As gas prices top the $4 per gallon mark last seen in 2008, the shaky economy grows yet wobblier. The increase in gas prices by $2 a gallon is like a tax on all car owners of about $40 for every fill-up, leaving them with that much less money to purchase goods and services whose prices have been driven up by the spike in gas and diesel prices.
This grim scenario is already slowing the fragile economic recovery and threatens to stop or even send it into double-dip land. Surely we can expect some sort of effective action from our elected representatives in Washington D.C.?
Senate Majority Leader Harry Reid, (D-Nevada), and Senator Frank Menendez, (D-New Jersey) have sent a letter to their colleagues urging a novel approach – a tax hike on the oil companies!
First, a bit of perspective. An article in the May 5 issue of the Minneapolis Tribune, “Oil companies make an easy scapegoat,” took a look at oil company profits and compared them to other big corporations. In the first quarter of this year ExxonMobil had revenues of $114 billion with a net profit of 9.6%. Apple Computer booked a 24.3% profit on $24.67 billion, while Proctor&Gamble made 14.2% on $20.23 billion.
Clearly ExxonMobil made a huge profit, but not excessive as a percentage of their business, and paid $8 billion in taxes, as compared to $1.9 billion by Apple and $0.77 billion by PG. In the same period, oil industry profitability ranked 114th out of 215 categories.
In their letter, Reid and Menendez complained of subsidies to oil companies in eight specific instances, yet the oil industry receives no subsidies, which would be direct payments from the taxpayers via government, such as crop or milk subsidies to agriculture. What the senators are referring to as subsidies are expense categories (which must be paid from revenue), or deductions from taxable income, most of which is the Domestic Manufacturing Deduction which is supposed to encourage domestic manufacturing and is available to American industry in general.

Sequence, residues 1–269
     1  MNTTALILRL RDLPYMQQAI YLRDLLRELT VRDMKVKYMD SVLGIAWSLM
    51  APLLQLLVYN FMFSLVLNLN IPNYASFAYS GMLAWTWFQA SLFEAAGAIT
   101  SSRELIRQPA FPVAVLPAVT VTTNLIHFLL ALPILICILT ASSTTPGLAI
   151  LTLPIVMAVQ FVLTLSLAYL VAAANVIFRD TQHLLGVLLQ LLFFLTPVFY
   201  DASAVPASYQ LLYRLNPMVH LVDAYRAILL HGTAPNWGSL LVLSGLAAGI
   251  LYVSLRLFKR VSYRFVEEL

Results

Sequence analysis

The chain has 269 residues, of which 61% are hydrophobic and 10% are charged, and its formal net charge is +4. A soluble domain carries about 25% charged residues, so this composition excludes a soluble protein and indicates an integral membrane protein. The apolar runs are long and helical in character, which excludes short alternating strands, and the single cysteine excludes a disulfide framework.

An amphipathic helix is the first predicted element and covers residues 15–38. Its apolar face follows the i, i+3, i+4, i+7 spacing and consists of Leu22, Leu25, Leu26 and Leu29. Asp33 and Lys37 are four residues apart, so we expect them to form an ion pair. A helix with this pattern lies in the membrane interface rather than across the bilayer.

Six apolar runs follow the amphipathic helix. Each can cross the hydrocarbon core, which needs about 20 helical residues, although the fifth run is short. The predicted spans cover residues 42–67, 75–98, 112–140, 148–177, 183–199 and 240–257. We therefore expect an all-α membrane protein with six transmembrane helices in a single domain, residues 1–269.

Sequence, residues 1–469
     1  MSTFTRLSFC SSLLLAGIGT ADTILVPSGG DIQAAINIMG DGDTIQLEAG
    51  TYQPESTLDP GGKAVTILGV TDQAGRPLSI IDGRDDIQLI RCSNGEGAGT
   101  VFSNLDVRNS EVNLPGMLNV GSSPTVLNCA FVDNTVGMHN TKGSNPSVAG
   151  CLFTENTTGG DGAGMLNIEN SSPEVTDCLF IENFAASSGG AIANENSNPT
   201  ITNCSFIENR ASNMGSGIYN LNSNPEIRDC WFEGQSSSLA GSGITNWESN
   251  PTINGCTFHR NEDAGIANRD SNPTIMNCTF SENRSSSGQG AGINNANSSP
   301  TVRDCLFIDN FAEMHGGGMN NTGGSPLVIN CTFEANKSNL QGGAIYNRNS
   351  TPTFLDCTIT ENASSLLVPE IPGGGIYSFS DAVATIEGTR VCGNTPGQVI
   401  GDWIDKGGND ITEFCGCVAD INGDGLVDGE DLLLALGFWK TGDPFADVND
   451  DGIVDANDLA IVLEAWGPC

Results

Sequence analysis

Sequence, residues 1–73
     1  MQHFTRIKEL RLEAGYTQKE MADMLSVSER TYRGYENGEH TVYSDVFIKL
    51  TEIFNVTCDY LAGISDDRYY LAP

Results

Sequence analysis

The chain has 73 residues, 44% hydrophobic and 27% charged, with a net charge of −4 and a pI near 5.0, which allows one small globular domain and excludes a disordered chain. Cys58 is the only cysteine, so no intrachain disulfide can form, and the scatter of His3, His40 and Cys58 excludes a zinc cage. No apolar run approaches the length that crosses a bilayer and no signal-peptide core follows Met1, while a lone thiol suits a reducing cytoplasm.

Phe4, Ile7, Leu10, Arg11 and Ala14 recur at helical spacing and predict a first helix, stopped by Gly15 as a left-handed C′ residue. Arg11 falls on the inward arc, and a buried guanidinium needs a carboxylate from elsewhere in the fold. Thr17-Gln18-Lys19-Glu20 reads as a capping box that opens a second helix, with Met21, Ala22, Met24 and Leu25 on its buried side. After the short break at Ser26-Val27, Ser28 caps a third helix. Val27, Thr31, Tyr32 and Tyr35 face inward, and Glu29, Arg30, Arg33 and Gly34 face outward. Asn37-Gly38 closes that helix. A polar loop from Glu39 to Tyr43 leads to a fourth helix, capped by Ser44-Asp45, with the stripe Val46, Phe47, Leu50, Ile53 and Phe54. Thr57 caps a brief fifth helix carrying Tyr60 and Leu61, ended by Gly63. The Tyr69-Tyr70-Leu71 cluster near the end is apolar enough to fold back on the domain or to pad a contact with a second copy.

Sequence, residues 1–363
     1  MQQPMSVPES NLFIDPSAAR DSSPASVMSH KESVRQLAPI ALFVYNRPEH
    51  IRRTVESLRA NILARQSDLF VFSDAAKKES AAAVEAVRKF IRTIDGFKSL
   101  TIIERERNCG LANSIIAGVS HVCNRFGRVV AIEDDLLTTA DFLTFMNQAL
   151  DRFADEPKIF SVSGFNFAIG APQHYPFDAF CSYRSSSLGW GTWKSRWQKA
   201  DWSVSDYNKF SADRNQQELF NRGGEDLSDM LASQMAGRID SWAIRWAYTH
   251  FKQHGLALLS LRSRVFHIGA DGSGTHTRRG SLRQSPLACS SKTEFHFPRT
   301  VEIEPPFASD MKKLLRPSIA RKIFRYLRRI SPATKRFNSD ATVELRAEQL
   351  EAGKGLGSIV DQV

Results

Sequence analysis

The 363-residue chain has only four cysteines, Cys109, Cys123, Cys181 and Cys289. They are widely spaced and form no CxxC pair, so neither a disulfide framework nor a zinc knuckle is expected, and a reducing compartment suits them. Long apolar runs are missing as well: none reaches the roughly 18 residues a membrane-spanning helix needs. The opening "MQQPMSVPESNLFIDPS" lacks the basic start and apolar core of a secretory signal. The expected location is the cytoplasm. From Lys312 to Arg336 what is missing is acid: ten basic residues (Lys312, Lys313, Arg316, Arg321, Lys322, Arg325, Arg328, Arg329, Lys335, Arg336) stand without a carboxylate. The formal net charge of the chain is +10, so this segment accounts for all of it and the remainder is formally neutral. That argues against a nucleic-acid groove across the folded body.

In none of these cases is there any transfer of funds from government to industry, rather a mitigation in the tax liability to government, and if oil industry profitability is relatively low, it can’t be argued that their deductions allowable under the tax code are excessive.
In fact, companies which can’t make a 9 or 10% profit in the best of times are probably operating on too thin a profit margin. Driving up their cost in taxes will mainly force them to raise prices, and the high cost of gas and the problems created thereby is where this discussion started. If Reid, Menendez and their ilk really don’t understand these simple economics, they are way too ignorant to serve in national office, even stupid. And if they really do, but pretend not to, using a crude demagoguery to distract attention from their grasping policies, they are simply dishonest and should be chased out of office next election cycle.
There are a couple of things to be done by government to bring gas prices down and stabilize them, and the first is to demonstrate to the world that we are committed to ramping up stable, domestic oil production which will take some of the volatility out of world markets relying on the Middle East and Africa.
And of course we could also get our fiscal house in order so as to halt the American dollar’s slide into the category of funny money.